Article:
Taoiseach Enda Kenny has announced the new Junior Ministers but did not take the opportunity to address the problem of splitting up the functions of the Department of the Environment.
The Environmental Pillar, an advocacy coalition of 28 national environmental NGOs, is now calling on the government to bring the functions of the environmental protection back under one roof.
Also the failure to appoint a Junior Minister for Sustainable Development assigned to departments which contain transport, energy and housing shows a lack of joined up thinking.
“Today was a missed opportunity to reinstate the Department of the Environment,” said Oisín Coghlan spokesperson for the Environmental Pillar.
“But importantly it’s not too late for the government to fix this. We are calling on them to put bring together environmental protection under one roof so we can have a cohesive approach to Ireland’s environmental issues.”
In just two days, over 7,000 people have signed a petition to reinstate the Department of the Environment to develop a cohesive approach to environmental protection.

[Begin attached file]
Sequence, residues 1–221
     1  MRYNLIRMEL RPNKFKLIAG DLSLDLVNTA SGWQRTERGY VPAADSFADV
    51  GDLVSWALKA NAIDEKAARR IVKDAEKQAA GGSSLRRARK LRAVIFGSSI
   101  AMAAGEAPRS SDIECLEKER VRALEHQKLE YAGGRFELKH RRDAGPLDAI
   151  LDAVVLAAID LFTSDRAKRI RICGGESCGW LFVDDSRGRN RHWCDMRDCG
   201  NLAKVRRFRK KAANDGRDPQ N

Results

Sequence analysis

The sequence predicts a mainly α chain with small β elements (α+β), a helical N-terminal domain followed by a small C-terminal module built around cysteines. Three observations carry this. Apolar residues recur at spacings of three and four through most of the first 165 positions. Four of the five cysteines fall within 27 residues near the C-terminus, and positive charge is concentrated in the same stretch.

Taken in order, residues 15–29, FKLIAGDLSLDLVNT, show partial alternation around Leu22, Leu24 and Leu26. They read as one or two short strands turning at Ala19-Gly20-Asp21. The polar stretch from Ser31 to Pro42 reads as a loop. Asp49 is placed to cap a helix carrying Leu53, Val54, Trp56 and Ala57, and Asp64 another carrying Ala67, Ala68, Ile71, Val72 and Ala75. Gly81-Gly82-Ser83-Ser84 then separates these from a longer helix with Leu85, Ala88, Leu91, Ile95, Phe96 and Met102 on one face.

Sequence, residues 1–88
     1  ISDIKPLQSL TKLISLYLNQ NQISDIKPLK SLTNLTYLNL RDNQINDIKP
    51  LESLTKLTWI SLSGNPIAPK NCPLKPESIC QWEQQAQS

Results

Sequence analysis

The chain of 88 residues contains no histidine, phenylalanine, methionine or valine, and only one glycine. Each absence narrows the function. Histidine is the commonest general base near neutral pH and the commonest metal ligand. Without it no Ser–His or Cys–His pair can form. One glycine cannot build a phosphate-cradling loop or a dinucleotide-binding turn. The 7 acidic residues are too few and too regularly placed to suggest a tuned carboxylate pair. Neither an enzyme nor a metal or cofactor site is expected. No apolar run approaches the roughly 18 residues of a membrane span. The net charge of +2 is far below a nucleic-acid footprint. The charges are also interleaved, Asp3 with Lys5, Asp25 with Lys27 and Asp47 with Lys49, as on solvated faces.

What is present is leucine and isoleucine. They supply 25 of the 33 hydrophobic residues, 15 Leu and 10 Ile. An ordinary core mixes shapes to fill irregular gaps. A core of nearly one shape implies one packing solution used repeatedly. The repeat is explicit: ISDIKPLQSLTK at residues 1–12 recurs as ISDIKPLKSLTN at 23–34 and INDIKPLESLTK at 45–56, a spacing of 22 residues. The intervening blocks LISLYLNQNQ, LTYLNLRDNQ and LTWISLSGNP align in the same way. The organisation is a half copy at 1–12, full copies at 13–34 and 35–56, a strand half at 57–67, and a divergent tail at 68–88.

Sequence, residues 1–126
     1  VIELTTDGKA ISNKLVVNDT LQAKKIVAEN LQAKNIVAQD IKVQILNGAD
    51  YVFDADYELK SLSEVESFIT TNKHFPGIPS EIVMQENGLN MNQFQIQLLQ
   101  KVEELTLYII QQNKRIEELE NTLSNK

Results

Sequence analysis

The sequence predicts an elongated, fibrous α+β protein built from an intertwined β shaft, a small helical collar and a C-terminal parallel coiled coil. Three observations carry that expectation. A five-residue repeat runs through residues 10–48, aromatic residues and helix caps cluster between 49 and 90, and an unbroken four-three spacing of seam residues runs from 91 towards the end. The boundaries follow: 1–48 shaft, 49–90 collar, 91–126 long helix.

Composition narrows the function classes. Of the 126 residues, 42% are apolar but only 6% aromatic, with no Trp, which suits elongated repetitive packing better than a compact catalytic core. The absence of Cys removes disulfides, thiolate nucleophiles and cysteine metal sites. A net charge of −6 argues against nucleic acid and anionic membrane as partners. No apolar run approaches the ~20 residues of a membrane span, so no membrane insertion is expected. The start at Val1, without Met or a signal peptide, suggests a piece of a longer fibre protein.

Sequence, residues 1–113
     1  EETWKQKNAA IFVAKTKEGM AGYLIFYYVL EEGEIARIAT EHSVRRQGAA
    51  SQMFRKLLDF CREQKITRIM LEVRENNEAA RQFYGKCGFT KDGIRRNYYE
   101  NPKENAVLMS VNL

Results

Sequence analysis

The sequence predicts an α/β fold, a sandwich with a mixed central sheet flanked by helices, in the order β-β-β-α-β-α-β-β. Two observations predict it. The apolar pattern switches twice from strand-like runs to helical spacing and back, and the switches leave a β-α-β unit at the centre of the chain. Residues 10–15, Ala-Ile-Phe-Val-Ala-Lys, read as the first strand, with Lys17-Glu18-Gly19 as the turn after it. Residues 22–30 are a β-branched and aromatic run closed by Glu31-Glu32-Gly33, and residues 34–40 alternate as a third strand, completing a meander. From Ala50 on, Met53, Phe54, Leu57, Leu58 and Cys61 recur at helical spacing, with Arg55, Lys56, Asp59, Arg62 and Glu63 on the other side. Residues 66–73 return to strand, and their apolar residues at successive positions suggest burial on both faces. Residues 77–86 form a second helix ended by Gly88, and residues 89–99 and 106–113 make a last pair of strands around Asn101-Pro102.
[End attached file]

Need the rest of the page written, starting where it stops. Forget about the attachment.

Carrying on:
When the government split the Department of the Environment it separated environmental functions – spreading waste, water and wildlife over three departments.
This split has weakened the impact of environmental issues on the Government and gets in the way of a unified approach to protecting a healthy environment.
The Environmental Pillar are proposing that the current departments are realigned to bring Environment, Climate Change and Natural Heritage into one place.
In addition to this we are calling for the reintroduction of Community into the title of the Simon Coveney’s department and the moving of Communication to Heather Humphrey’s department where it would be a more natural fit.
The Environmental Pillar suggests the following:
* Department of Housing, Planning, Community and Local Government
* Department of Environment, Climate and Natural Heritage
* Department of Regional Development, Rural Affairs, Communications, Arts and the Gaeltacht
“The current re-alignment of Government Departments, taken together with the serious gaps in the Programme for Government, will ensure that the outcomes fall far short of aspirations made recently to sustainable development,” said Mr Coghlan.
“This flies in the face of the UN’s Sustainable Development Goals, which the Taoiseach signed up to just six months ago and which clearly state that environment, society, and economy are equal and interdependent.”